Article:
Alan in Hong Kong

hifi_dave
10-04-2010, 07:56 PM
While Alan is away in Hong Kong I can say this and hope he won't notice.

Harbeth speakers are very good value.

Several HiFi industry friends have been absolutely stunned at how good the Harbeth range sounds and how well made they are. When they find out the prices, they are amazed at how reasonable they are.

Thanos
11-04-2010, 06:51 AM
While Alan is away in Hong Kong I can say this and hope he won't notice.

Harbeth speakers are very good value.

Several HiFi industry friends have been absolutely stunned at how good the Harbeth range sounds and how well made they are. When they find out the prices, they are amazed at how reasonable they are.

Right to the point... Several years ago I had the luck to discuss pricing stragedy with a friend -he is a Msc degree owner in Financial planning from the London School of Economics- who was absolutely positive as for product rotation based on keeping low profit margins. "This, he said, is a rule to keep you alive and keep on going in the market, as far as your product has a role in it, and not just be a kind of consumption's fashions... The less (but not ridiculously low) profit you make per unit, the more you live and become well established..." It makes sense, doesn't it? Especially today.
Dave, it doesn't matter wether Alan will notice (laugh) or not. We both know what an excellent and sensitive person he is, regarding the consumer society... Isn't he?
Cheers,
Thanos

Double D
11-04-2010, 12:52 PM
I know that Keith Jarrett, a close friend of mine (joking), is a proud owner of Verity Audio Parsifal Ovation speakers (serious). Those beautiful sounding speakers are proudly make in Quebec City, in the country where I live. For these, you will pay 4 times the price of a SHL5 pair... Does the sound is 4 times better? Yours to judge.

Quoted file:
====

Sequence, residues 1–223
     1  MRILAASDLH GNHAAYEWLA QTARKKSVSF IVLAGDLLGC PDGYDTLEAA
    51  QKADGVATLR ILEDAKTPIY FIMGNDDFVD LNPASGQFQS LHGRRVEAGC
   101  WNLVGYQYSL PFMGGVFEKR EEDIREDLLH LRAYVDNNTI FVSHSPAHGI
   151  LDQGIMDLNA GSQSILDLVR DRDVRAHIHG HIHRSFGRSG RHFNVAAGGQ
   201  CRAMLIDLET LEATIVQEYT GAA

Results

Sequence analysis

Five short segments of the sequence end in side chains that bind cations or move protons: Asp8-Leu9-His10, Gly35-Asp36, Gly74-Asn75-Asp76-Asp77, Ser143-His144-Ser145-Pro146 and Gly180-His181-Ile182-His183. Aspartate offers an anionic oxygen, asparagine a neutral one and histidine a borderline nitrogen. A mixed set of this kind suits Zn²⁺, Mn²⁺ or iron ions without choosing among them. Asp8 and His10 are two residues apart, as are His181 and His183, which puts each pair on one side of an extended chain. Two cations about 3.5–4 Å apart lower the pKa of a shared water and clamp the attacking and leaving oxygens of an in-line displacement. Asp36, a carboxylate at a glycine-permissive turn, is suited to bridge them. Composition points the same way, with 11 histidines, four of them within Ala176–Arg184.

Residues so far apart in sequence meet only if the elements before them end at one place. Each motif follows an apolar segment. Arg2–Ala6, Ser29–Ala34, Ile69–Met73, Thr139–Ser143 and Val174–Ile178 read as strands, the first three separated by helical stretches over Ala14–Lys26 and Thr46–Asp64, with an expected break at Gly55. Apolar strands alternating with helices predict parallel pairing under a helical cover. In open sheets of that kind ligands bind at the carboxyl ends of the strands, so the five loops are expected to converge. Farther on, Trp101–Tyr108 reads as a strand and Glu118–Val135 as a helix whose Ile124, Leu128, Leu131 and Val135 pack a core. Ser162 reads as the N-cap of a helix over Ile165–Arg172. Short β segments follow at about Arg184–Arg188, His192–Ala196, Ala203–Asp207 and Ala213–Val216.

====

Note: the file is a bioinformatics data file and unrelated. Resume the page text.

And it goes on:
Sebastien

I *was* a proud owner of Verity Parsifal Ovations...let's just say, I'm now a "prouder" owner of a pair of Harbeth Monitor 30's ..

A.S.
23-04-2010, 12:54 AM
We've been experimenting for some time with offering a selection of high gloss (HG) finishes. Legally we cannot say that these are truly 'piano black' or other colours because the truly piano grade finish involves many layers of very hard coating. And that changes the sound of the thin-walled cabinet too much. So we've settled on a thick PU finish which to the untrained eye looks like a 'piano finish' but still has the flexibility we associate with the Harbeth/BBC thin-wall cabinets. It's not as completely scratch resistant as a piano finish but it's still remarkably resistant and in normal use should be adequately hard wearing.

Different models look better in different colours, just as cars do. For example, the P3ESR looks great in high-gloss (HG) white; the C7ES3 in HG black; the M401 Pro in a HG gunmetal BMW-like finish and the SHL5 in a bright metallic gold and M30 a deep red cherry. Those are just a few possible combinations. Now before we get carried away with enthusiasm there are some practical matters to consider. The HG finish is, of course, sprayed onto the cabinet, not dipped. That spray has to penetrate in and around the narrow front grille-channel which it's reluctant to do. That means that the HG finishing quality around the channel is not quite as even or perfect as the rest of the cabinet because it's onto the open-grain of the base (MDF) wood. This should not be an issue because we do recommend the grille should be on at all times but it is an inescapable fact. It's a small matter but I should point this out to you in advance. We'll probably do a limited run of about 100 pairs or so to test the market more fully.

At Harbeth UK there are some physical handling issue we are examining but in theory we should be able to make a final decision on a limited run of these HG cabinets shortly if you are interested. We have floated this concept at the request of a particular UK dealer who has seen and approved the samples and now feel confident to proceed generally.